Monday, August 3, 2015

Two-sided hold-up

In the investment's chapter, we talk about the problem of post-investment hold-up.  After a firm makes sunk-cost investments, it becomes vulnerable to post-investment hold up by its trading partners.  A variety of solutions are available to address the problem of hold-up, including litigation.

The antitrust laws have been moving recently to address the problem of hold-up by adopting rules that shift bargaining power from innovators (who develop intellectual property that is implemented in a standard, like 4G LTE) to implementors (who license patents necessary to use the standard).

In this paper, two economists point out that the problem is really two-sided,
Concerns expressed regarding the potential for patent hold-up are generally one-sided, focusing on the incentives of the implementers of the technology while generally ignoring the incentives of innovators to create the technology in the first place. 7 Such analysis takes the level of innovation as given, so that the only possible harm to competition is through the implementer’s decision to invest. The underlying incentive problem, however, is two-sided because an innovator’s incentives to engage in significant R&D may also be distorted by well-intentioned actions taken to correct the potential hold-up problem.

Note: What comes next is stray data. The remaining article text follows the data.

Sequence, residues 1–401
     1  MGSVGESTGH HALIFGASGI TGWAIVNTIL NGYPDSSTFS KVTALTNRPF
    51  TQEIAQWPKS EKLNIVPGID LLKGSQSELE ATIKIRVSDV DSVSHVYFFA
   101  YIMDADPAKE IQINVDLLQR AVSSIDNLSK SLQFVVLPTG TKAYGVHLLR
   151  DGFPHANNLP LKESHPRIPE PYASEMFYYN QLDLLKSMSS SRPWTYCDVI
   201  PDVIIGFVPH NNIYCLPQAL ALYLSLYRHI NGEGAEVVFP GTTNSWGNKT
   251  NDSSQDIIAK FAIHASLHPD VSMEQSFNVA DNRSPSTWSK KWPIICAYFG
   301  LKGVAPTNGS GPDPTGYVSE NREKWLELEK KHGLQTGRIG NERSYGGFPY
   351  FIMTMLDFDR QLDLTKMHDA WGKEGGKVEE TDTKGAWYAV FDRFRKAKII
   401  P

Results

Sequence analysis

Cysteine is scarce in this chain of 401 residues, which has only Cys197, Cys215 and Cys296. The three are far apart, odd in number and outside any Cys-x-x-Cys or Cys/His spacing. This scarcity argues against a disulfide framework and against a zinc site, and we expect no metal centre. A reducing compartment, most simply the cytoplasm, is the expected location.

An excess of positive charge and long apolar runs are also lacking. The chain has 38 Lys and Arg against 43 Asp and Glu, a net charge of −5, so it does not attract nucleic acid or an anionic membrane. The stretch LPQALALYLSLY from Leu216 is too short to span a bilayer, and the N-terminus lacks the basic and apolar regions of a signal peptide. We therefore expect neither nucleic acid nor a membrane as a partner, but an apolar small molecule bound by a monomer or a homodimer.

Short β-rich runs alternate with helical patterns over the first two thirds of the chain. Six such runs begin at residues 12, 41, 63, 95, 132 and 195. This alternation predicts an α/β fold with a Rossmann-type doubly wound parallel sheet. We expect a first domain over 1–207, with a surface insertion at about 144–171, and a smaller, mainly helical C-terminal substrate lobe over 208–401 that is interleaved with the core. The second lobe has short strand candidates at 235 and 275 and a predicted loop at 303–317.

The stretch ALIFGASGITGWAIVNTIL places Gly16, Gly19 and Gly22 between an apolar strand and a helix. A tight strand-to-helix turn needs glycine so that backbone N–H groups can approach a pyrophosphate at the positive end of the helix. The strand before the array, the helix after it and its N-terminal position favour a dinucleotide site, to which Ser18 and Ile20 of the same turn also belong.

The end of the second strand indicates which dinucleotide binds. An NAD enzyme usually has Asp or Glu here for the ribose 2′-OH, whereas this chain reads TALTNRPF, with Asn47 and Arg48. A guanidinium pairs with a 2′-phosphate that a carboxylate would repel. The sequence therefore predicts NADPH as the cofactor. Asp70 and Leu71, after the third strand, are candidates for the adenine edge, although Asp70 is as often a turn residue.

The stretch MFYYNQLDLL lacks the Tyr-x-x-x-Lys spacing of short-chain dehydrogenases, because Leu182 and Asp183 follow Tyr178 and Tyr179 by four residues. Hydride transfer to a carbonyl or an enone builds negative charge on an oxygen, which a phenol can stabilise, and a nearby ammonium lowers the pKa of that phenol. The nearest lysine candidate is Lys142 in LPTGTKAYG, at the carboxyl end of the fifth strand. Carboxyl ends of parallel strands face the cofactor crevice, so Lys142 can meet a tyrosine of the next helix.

But one of the hold-up problems--the innovator's--is relatively easy to solve, via negotiations that occur prior to the implementer’s investment in the standard.  In contrast, negotiations always occur after the innovator’s investment in R&D is sunk.  Consequently, shifting bargaining power to the implementor exacerbates the risk of under-investment:

The reason is that innovators and implementers can and do bargain prior to the implementer’s adoption of and investment in a standard and courts impose such “hypothetical” bargaining when determining royalties. Therefore, the implementer’s efficient investment, which benefits both parties, is an essential part of these deliberations. However, bargaining does not occur prior to the innovator’s investment in R&D. In fact, all such “ex ante” bargaining occurs after these investments are sunk. Curtailing injunctive relief and basing royalties on the smallest salable component both pose the risk of under-rewarding innovators for their investments. This is likely to retard innovation, reduce incentives to participate in standards, and reduce economic welfare

1 comment:

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